Steinert’s: serving the neighborhood since 1883

Steinert’s in New Albany serves basic pub grub at reasonable prices and is a great place to hear a band or watch IU sports. LEO Photo.

LEO’s Eat ‘n’ Blog with Louisville HotBytes, with Guest Blogger Kevin Gibson

Grover Cleveland would have loved Steinert’s.

Steinert’s Grill and Pub (aka Steinert’s Tavern) looks like pretty much any other neighborhood restaurant/bar, tucked into a largely residential area at the intersection of Charlestown Road and Silver Street in New Albany.

But Steinert’s has a long and interesting history, having endured tornadoes, floods, the Depression and Prohibition, having been handed down through five generations of the Steinert family. Founded in 1883 (yes, Steinert’s was doing business before Grover Cleveland was elected president) by German immigrant Michael Steinert, it has seen six different locations, finally settling into its current spot in 1938.

The notorious 1917 tornado destroyed one location – a photo reportedly still exists in New Albany’s city directory of Michael Steinert Jr. standing in front of a pile of rubble and glass that only a day before had been his thriving restaurant business – and Prohibition forced the family to turn it into a grocery store/restaurant for several years. Still, it endured.

Today, Steinert’s, with its signature horseshoe bar in a beer-sign-covered atrium area smack in the middle of the place, continues to serve basic grub at great prices, while also doubling as a club, with live music several nights a week, and even a sports bar, as TVs adorn the walls and typically are showing ESPN or Indiana University sports.

On a recent visit to Steinert’s to hear local band the Rumors, my friend Kirk and I decided to feast on the tavern’s concise menu (one laminated page, front and back), which features standard fare like nachos, pizza, fish, burgers, chicken strips and the like. One of my favorite Steinert’s items is the chicken wings, so we started there.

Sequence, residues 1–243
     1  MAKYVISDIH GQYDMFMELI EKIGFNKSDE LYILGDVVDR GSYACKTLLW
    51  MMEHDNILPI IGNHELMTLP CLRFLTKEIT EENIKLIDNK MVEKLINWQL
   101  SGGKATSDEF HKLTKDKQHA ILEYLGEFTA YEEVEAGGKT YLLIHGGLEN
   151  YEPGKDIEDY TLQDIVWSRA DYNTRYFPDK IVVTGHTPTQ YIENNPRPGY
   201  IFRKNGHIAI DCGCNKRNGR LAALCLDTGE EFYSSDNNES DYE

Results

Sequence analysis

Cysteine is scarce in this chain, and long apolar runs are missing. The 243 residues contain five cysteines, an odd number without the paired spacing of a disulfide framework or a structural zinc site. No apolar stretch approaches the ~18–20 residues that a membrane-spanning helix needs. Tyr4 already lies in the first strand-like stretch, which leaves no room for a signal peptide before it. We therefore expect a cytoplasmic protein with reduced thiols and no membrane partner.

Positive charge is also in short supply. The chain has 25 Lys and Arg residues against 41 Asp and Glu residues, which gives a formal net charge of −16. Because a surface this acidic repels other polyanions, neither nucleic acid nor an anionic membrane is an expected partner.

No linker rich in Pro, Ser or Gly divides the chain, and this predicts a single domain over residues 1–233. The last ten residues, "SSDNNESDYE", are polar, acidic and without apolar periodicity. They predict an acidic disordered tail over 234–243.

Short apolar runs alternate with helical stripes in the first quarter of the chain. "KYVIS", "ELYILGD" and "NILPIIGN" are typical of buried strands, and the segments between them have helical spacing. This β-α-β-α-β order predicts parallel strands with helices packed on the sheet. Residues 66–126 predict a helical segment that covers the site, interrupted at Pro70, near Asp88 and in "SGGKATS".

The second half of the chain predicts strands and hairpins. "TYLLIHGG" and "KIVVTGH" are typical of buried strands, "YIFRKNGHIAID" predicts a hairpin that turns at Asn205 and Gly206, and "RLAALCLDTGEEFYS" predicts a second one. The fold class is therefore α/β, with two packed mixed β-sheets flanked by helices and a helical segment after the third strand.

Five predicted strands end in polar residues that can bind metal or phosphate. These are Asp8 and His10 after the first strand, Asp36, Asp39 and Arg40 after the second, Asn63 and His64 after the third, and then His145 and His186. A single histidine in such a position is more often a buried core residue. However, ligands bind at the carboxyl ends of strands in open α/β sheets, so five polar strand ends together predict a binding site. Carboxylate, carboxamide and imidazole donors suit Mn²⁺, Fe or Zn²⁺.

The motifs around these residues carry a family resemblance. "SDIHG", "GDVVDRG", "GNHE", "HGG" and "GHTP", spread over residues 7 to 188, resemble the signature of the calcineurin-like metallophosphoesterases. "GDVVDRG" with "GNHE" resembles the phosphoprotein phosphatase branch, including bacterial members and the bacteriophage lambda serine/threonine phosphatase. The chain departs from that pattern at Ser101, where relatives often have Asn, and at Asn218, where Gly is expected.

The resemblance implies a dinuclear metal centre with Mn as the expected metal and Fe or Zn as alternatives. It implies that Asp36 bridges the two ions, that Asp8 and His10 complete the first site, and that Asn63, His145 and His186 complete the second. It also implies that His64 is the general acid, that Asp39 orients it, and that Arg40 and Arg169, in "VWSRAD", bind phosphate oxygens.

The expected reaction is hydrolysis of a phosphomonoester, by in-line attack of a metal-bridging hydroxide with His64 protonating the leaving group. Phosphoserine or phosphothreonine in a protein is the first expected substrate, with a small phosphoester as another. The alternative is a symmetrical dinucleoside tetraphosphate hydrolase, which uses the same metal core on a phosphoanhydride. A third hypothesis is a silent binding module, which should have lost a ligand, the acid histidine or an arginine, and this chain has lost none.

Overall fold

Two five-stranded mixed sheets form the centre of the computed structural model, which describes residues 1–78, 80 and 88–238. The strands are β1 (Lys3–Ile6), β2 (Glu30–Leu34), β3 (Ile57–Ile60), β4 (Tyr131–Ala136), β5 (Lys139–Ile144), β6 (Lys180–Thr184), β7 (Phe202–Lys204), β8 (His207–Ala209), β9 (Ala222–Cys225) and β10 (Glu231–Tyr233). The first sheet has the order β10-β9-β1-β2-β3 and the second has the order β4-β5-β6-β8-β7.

Let me say right up front that these are not your standard wings – they are whole wings, marinated and then grilled, with a peppery hot sauce that isn’t quite buffalo, yet is spicy enough to be worth the effort. For $6.95, we got five wings (which equals 10 of the normal separated “wings” most restaurants serve), a mound of celery and plenty of ranch and chunky bleu cheese.

I can sum up these wings in a single word: messy. Do not wear your Sunday best if you intend to order these things; and do request plenty of extra napkins. On this particular trip, the issue was exaggerated slightly as the wings weren’t grilled quite as crispy as they had been in past visits, making them a bit slippery and hard to handle. (Those grill marks make excellent grips, mind you.)

Kirk, halfway through his second wing, muttered, “It’s like performing surgery.” Well said. Nevertheless, they were delicious as always – just be prepared to do a little extra work for the succulent payoff.
Moving on to dinner, Kirk decided on the signature Steinert’s burger ($5.95), while I ordered a 12-inch pizza pie at the recommendation of our server, adding pepperoni, mushrooms and Vidalia onions for a total of $10.95 ($7.95 plus $1 per topping).

The burger was of fair size and relatively basic, slightly overdone but solid, and dressed with lettuce and a huge tomato slice. He also got a mountain of french fries to help balance out the substantial meal. (Steinert’s doesn’t skimp on its portions; I once had the grilled cheese, and it was nearly an inch thick.) If I ever order a burger, however, I’ll likely ask for medium rare, as the edges on Kirk’s burger were a bit on the crispy side.

My pizza was a pleasant surprise – crispy crust, heavy on the mozzarella, and plenty of toppings (although when my friend Ben joined us later, he balked at the onions). The pizza reminds me of the pies made by a former Louisville and Southern Indiana staple, Pasquale’s Pizza. Light on sauce and cut into squares instead of pie slices, the pizza was also sprinkled with oregano and other Italian spices, a la Impellizzeri’s.

And while it was a relatively thin pie, it provided plenty of substance – once I was full, I took the rest home. My girlfriend had a couple pieces as a snack that night, and I got two small meals for myself out of the leftovers. Not bad for 11 bucks.

I’m not sure exactly when Steinert’s started doing pizza and wings, but I feel certain Grover Cleveland would have been proud. And if you find yourself in New Albany with a hunger for good pub grub, or you’d like to hear some music or watch a game, this could be the place for you.

Steinert’s Grill and Pub
2239 Charlestown Road
New Albany, Ind.
(812) 945-8827